Overtime Elite Adds Ex-Turner Exec as EVP Ahead of League Launch

·2 min read

With Overtime Elite’s launch now less than three months away, the new basketball league and development program for high school-aged players has brought in former Turner Sports exec Mark Johnson to serve as OTE’s executive vice president of business operations.

Johnson will help OTE commissioner Aaron Ryan get the project off the ground, playing a role in the company’s facility operations, strategy decisions and budget efforts. “We’re going to focus on: How do we grow quickly?” Johnson said in an interview. “We’ve got to get it up and launched, but then quickly move toward a growth plan.” Among the items on OTE’s summer agenda are developing a new facility in Atlanta and establishing a distribution plan for the league’s first months.

“This will definitely evolve pretty quickly from year one to year two—maybe even from the first four-to-six months to the second four-to-six months,” Johnson said. “I think we’re going to learn a lot.”

OTE has already announced deals with a number of players, including the No. 3 national prospect in the Class of 2023, Matt Bewley. He and his twin brother, Ryan, signed two-year contracts worth seven figures each, according to ESPN. Overtime raised $80 million earlier this year to launch OTE, which aims to recruit 20-30 players, who would sacrifice high school and NCAA eligibility to join the program. Former Connecticut coach Kevin Ollie has since come on as coach and director of player development.

Part of Johnson’s responsibility will be empowering the Bewleys and OTE’s other players to generate their own businesses as well, as teenagers around the country begin commercializing their names, images and likenesses in new ways. “I don’t think any of us are going to figure it all out for years to come,” Johnson said of the NIL opportunities in front of players. “We want to make sure we do it right.”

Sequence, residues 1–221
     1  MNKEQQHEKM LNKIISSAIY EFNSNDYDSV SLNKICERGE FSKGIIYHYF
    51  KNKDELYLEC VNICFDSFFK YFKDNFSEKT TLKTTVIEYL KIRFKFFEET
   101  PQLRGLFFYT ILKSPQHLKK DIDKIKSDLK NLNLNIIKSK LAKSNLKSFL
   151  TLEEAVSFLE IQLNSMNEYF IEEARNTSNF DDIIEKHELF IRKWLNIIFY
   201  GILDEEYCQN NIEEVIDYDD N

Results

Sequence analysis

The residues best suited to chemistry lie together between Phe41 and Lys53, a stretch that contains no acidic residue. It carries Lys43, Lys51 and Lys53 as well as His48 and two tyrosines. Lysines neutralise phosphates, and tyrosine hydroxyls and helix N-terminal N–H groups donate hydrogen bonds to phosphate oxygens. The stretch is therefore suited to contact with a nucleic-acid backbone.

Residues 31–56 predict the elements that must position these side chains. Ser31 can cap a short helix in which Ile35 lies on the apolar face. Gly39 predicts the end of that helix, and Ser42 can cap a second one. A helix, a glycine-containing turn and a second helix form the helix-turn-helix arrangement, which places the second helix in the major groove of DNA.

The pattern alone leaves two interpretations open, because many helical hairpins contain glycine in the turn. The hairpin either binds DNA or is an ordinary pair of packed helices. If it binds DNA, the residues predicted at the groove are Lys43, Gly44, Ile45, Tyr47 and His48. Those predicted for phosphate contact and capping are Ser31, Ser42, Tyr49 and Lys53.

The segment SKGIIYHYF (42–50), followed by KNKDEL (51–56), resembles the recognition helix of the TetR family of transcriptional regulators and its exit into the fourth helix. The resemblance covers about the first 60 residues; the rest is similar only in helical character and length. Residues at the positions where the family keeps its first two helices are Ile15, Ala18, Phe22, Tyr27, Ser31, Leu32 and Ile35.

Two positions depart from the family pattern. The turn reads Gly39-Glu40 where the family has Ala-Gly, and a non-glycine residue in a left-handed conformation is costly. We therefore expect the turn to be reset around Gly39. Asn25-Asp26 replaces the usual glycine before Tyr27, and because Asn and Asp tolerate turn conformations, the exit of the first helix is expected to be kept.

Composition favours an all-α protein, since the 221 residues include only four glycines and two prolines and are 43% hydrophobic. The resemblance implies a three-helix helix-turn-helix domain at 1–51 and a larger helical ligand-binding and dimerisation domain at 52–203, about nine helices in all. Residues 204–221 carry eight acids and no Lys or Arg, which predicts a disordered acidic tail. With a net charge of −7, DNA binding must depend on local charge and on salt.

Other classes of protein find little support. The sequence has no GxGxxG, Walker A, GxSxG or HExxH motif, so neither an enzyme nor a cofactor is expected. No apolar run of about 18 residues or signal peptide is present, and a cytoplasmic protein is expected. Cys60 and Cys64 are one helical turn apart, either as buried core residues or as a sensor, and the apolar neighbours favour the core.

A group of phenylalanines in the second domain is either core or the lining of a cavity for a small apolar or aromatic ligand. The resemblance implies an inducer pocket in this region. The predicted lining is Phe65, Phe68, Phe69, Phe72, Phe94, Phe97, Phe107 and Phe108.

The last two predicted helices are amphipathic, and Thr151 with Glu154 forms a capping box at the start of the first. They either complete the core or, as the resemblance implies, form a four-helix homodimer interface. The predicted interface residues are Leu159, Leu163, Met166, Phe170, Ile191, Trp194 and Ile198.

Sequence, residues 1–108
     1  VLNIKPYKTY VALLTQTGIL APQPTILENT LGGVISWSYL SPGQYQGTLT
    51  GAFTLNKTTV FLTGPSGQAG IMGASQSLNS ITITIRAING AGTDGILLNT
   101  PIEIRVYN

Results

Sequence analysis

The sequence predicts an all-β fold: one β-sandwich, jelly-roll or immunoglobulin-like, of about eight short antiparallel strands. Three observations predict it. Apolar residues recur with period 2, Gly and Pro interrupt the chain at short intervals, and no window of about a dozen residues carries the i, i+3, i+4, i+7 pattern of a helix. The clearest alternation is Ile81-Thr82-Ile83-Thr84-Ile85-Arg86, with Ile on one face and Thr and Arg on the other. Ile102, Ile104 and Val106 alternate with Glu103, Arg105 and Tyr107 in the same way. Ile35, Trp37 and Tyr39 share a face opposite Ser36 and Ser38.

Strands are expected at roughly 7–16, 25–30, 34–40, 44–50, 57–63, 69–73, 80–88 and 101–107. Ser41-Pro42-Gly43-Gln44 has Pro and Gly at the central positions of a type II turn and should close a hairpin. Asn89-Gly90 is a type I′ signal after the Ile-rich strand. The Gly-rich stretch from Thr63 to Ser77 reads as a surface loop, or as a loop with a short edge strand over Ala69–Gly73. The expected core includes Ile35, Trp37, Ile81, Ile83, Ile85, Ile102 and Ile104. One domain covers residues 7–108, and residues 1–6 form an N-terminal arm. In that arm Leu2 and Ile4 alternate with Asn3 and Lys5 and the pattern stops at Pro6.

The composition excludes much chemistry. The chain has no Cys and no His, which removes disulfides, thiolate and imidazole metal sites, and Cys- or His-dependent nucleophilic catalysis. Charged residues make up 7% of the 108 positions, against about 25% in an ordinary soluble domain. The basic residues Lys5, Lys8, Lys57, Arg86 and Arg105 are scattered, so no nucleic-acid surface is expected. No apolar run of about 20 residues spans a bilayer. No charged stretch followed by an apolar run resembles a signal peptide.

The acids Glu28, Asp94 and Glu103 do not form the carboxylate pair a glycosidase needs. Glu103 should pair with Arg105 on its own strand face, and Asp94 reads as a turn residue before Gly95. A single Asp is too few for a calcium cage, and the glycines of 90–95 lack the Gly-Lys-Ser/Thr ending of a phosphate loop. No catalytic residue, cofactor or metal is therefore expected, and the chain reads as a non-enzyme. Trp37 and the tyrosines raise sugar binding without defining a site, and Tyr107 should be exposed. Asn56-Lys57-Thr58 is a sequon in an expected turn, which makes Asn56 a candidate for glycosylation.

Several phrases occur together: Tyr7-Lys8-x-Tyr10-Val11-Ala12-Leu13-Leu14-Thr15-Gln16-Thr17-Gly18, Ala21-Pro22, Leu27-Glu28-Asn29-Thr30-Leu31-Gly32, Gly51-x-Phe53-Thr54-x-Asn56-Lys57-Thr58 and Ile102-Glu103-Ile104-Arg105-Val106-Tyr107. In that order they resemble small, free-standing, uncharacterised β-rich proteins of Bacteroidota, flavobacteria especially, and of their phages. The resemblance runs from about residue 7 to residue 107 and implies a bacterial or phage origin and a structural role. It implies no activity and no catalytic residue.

Johnson was previously Turner Sports’ senior vice president of digital, which included overseeing NBA Digital properties, like League Pass, and NCAA Digital platforms, like March Madness Live. Now, at a startup endeavoring to be both a media company and a sports league, “we’ll be exposed to every single vendor in tech you could imagine,” Johnson said. “That will give us some advantages to pick the best tech and partners in that space.”

“We want to make sure this is the launch that [Overtime founders Dan Porter and Zack Weiner] envisioned six months ago,” Johnson said. “And honestly for the players and their families, they’re making a massive commitment to join OTE, and we want to make sure this launch is a launch that hits their expectations.”

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